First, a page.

• Addicks and Barker Potential Flood Maps

    The illustrations depict modeling from what we projected early Aug. 29 before we increased our releases to 7000 and 6000 at Addicks and Barker Dams. Areas depicted in green are currently not flooded, as previously predicted due to the increased releases.
  • September

    USACE Galveston District partners to offer hunting opportunity to combat veterans

    WALLISVILLE, Texas (Sept. 19, 2016) – The U.S. Army Corps of Engineers Galveston District, Texas Parks and Wildlife, Chambers County Sherriff's Department and Lone Star Warriors Outdoors are combining resources to offer combat injured veterans the opportunity to participate in an organized feral hogs and alligator hunt Sept. 26-28, 2016, at the Wallisville Lake Project.
  • October

    Spotlight on USACE Galveston District’s Robert Thompson

    GALVESTON, Texas (Oct. 1, 2015) – Survey Party Chief Robert Thompson splits his work day between the shore and sea, planning, conducting and coordinating land and hydrographic surveys to determine the condition of major navigation channels and placement areas the U.S. Army Corps of Engineers Galveston District maintains.
  • September

    Spotlight on USACE Galveston District's Andrew Weber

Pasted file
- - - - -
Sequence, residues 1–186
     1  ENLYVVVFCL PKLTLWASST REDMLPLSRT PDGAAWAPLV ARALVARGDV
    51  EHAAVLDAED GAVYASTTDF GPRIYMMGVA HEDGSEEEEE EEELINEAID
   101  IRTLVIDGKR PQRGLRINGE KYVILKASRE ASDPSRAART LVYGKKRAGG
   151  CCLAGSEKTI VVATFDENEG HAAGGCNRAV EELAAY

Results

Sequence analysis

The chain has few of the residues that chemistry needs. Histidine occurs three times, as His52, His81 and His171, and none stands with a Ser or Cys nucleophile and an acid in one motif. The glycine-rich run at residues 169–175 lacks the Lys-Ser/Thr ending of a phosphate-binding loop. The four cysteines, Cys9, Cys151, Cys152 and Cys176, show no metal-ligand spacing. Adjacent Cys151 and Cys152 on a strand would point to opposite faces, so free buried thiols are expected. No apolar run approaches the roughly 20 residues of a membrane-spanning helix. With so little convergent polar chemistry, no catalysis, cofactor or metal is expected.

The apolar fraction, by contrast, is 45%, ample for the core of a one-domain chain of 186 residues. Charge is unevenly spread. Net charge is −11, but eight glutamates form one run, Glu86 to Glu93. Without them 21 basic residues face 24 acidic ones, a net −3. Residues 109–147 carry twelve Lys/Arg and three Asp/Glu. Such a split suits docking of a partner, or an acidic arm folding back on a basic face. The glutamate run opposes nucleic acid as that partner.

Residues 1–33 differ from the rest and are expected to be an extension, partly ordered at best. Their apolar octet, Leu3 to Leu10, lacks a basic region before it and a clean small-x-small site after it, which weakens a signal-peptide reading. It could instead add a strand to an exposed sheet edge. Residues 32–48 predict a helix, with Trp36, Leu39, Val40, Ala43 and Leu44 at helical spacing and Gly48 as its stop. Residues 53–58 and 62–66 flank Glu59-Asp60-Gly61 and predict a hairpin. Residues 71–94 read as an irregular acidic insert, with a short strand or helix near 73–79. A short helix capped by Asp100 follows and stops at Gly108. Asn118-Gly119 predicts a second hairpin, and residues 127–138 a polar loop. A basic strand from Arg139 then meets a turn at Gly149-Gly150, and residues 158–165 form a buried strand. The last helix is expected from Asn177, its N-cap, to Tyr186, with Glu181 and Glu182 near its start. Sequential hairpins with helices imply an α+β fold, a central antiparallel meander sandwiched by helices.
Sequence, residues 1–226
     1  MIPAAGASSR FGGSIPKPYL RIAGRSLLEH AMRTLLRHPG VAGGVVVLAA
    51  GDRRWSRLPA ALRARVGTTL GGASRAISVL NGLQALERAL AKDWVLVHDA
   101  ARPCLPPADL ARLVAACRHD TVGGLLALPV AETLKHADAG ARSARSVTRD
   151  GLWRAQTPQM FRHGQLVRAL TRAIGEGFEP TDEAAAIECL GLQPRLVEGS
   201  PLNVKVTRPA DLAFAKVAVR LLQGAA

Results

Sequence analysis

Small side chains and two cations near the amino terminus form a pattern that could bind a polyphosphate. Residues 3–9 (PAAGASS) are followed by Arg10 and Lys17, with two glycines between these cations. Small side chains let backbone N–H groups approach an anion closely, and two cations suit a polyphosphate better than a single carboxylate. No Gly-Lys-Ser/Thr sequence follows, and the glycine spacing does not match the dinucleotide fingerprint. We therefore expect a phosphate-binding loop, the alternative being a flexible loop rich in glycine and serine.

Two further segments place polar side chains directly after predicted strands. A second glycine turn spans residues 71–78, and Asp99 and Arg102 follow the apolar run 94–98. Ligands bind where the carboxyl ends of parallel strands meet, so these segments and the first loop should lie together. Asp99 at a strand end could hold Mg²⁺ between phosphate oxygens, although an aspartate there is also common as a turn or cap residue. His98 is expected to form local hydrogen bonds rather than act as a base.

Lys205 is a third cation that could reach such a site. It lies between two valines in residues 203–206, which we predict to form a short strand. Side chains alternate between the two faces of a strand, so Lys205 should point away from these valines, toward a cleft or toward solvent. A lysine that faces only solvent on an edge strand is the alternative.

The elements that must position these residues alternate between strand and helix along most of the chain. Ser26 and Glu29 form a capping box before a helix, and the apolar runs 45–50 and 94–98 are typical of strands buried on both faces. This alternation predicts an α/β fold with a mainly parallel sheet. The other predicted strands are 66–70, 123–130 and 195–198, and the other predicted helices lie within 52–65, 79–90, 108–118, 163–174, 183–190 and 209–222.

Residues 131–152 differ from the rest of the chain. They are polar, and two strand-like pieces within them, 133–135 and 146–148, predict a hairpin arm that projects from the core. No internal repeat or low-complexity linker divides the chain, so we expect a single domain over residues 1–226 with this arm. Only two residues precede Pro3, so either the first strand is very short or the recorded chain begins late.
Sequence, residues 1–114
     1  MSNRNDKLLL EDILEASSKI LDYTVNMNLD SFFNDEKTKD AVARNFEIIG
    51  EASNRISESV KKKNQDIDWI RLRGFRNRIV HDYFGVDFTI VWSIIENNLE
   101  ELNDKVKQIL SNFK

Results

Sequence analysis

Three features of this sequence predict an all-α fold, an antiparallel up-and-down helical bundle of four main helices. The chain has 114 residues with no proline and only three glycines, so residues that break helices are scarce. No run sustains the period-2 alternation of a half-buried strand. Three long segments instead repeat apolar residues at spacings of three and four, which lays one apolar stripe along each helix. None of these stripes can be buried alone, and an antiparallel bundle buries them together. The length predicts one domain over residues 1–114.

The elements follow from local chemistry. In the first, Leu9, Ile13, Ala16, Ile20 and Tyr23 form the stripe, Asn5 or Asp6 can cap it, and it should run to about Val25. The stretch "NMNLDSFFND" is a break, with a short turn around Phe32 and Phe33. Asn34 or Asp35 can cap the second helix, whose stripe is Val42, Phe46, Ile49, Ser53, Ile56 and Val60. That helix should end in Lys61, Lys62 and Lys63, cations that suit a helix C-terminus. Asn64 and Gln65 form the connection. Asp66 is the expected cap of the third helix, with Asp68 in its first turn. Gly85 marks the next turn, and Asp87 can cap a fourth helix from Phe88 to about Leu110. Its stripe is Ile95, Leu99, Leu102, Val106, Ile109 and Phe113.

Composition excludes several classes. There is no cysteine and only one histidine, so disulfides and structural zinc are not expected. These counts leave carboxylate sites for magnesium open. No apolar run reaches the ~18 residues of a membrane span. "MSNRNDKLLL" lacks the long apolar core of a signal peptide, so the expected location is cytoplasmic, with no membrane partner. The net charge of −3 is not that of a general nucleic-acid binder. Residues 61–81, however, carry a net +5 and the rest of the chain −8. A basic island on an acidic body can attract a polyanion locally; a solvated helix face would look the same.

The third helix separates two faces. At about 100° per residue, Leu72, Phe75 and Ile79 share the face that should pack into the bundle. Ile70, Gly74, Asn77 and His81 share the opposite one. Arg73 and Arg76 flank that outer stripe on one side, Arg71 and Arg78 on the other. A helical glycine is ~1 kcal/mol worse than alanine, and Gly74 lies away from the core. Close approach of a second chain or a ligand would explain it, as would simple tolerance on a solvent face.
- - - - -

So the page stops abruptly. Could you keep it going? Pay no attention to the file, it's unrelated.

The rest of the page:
GALVESTON, Texas (Sept. 1, 2015) – Often spending his summers in the Texas hill country, building makeshift dams and playing in creeks in his younger years, Andrew Weber’s fascination with moving water hasn’t changed. As a civil engineer, specializing in geotechnical engineering, his work with the U.S. Army Corps of Engineers Galveston District allows him to continue studying water and the impact it has on soil properties to prevent against loss of life and property for thousands of Houstonians.
  • August

    Spotlight on USACE Galveston District’s Capt. Robert M. Burnham

    GALVESTON, Texas (Aug. 3, 2015) – Each Soldier in the U.S. Army plays a role in maintaining the nation’s security. For Army Capt. Robert M. Burnham, the economic strength of the nation remains secure, as he fulfills his role as an operations manager in the U.S. Army Corps of Engineers Galveston District’s Navigation Branch, managing dredging-related operations and maintenance projects along the Texas coast.